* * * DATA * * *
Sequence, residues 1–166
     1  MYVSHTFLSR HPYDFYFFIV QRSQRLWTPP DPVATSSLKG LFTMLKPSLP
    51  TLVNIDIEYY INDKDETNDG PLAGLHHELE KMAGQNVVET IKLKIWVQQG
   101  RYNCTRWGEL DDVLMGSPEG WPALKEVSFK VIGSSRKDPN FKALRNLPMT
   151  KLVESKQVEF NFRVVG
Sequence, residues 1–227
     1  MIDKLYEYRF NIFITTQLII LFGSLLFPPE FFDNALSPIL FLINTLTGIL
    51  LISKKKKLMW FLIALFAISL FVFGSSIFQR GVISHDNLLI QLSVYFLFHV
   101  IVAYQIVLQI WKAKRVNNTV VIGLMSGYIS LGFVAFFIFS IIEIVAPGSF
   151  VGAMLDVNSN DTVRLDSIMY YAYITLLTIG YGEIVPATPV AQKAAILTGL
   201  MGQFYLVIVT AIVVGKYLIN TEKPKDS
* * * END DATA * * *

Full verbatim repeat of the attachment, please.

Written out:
Sequence, residues 1–166
     1  MYVSHTFLSR HPYDFYFFIV QRSQRLWTPP DPVATSSLKG LFTMLKPSLP
    51  TLVNIDIEYY INDKDETNDG PLAGLHHELE KMAGQNVVET IKLKIWVQQG
   101  RYNCTRWGEL DDVLMGSPEG WPALKEVSFK VIGSSRKDPN FKALRNLPMT
   151  KLVESKQVEF NFRVVG
Sequence, residues 1–227
     1  MIDKLYEYRF NIFITTQLII LFGSLLFPPE FFDNALSPIL FLINTLTGIL
    51  LISKKKKLMW FLIALFAISL FVFGSSIFQR GVISHDNLLI QLSVYFLFHV
   101  IVAYQIVLQI WKAKRVNNTV VIGLMSGYIS LGFVAFFIFS IIEIVAPGSF
   151  VGAMLDVNSN DTVRLDSIMY YAYITLLTIG YGEIVPATPV AQKAAILTGL
   201  MGQFYLVIVT AIVVGKYLIN TEKPKDS